Printable CopyGURU OF CHAI
The Space
Until 27 Oct 2018

Review by Sarah Westgarth

The ability to perform a one-person show is a rare and unique one. Many have tried, assuming they can rely on a certain level of charm or an interesting premise; and many have failed, discovering that it’s just not enough. Having the presence to captivate an audience, relying solely on the storytelling skills of a lone performer, requires a command of the stage as well as engaging material to spin. In “Guru of Chai”, actor and co-writer Jacob Rajan shares the stage only with his accompanying musician Adam Ogle, who does not speak a word throughout the show.

From the moment he enters, Rajan is Kutisar, a poor chai-wallah from Bangalore whose life is changed when a group of sisters, homeless and poverty-stricken, begin to sing in the train station where he has his chai stand. For the next hour and a half, Rajan takes on over seventeen roles as he weaves the tale. We follow Kutisar’s fatherly relationship with the youngest sister, a headstrong young woman who captures the heart of a local policeman sworn to be her protector, who she rejects in favour of a disreputable poet. Enhanced by David Ward’s musical compositions, “Guru of Cha” is a tragic fable about power, passion and people. Rajan and his co-writer and director Justin Lewis were inspired by a mask dancer and shadow puppeteer they met in Bali, as well as the Indian fairytale ‘Punchkin’ to create this compelling and emotional piece of theatre.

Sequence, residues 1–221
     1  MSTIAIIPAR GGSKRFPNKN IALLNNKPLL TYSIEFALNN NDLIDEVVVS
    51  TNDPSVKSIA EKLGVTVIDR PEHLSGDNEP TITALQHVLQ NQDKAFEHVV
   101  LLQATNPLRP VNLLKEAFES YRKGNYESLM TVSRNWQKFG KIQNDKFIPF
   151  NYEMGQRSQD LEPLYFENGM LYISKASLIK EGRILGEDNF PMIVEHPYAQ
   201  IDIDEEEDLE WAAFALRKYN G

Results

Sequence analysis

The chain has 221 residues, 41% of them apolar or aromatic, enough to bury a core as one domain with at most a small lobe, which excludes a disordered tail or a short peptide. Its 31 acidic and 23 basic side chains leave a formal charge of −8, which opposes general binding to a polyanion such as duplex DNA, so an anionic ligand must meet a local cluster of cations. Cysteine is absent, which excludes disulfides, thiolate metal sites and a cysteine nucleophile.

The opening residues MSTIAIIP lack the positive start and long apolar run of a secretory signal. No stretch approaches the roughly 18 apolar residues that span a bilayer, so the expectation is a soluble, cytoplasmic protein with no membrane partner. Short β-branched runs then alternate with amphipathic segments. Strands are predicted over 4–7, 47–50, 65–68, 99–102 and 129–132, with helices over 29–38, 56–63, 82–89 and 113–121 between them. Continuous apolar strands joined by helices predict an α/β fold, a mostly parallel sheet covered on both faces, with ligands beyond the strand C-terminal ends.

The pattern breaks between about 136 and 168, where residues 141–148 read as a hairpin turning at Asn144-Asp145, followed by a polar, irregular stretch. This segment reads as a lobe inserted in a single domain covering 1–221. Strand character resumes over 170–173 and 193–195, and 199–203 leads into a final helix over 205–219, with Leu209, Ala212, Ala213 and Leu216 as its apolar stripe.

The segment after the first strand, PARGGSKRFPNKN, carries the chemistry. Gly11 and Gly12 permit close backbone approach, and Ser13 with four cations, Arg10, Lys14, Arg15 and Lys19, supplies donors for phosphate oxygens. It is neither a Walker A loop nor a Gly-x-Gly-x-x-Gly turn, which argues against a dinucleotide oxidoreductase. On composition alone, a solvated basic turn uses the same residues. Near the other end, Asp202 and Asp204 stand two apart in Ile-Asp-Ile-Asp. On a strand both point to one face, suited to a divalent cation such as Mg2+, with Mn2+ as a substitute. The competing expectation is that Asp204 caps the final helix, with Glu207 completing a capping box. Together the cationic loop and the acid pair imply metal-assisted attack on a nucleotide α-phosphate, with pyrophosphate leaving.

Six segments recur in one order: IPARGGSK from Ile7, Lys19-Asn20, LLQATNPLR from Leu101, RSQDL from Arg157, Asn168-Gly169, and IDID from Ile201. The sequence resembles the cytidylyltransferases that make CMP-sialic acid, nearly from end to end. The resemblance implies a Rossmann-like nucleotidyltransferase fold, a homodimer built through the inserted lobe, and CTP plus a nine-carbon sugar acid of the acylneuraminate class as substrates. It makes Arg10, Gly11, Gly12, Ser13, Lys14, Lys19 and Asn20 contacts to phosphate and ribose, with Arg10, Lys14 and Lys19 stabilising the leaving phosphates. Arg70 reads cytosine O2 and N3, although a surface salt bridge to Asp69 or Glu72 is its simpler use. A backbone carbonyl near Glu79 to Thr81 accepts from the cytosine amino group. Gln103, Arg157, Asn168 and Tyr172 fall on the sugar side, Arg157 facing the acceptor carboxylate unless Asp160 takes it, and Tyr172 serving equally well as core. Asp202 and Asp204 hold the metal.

While the setting may be foreign, the ideas and feelings of the story transcend time and place. With a few simple props, the audience is transported to a bustling train station in Bangalore, an illegal cockfight in New Dehli, and the resplendent home of a respected minister. While the locations are crucial to the plot, the vividly drawn characters capture the heart and mind in a way that feels universal. Rajan’s subtle physicality and voice acting brings each person to life, no matter how minor. While some of the scenes that rely on more visual storytelling (such as the violent confrontations) can sometimes be confusing when it comes to specifics, the people the story is about always feel desperately and painfully real. While the circumstances presented are tragic, Rajan breaks the tension with Kutisar’s light hearted and simple demeanour—his conversations with the moon are a particular highlight—and his playful interaction with the audience. He perfectly balances this so it never feels dismissive of the seriousness of the situation, but keeps the mood from becoming too dour.

With the use of sleight-of-hand magic, shadow puppeteering, compelling characterisation and of course, evocative music, “Guru of Chai” is a masterclass of storytelling. It’s beautiful in its simplicity, yet full of emotional complexity. It is not a flawless production, but it is one that is full of heart. Rajan creates an intimate connection with his audience that allows them to be swept about by Kutisar’s tale. There were laughs, gasps and tears throughout the show, and the final curtain call was greeted with thunderous applause. This is theatre that touches the heart and soothes the soul, and reminds us of the importance of making positive connections with others. In other words, it’s exactly what theatre should be.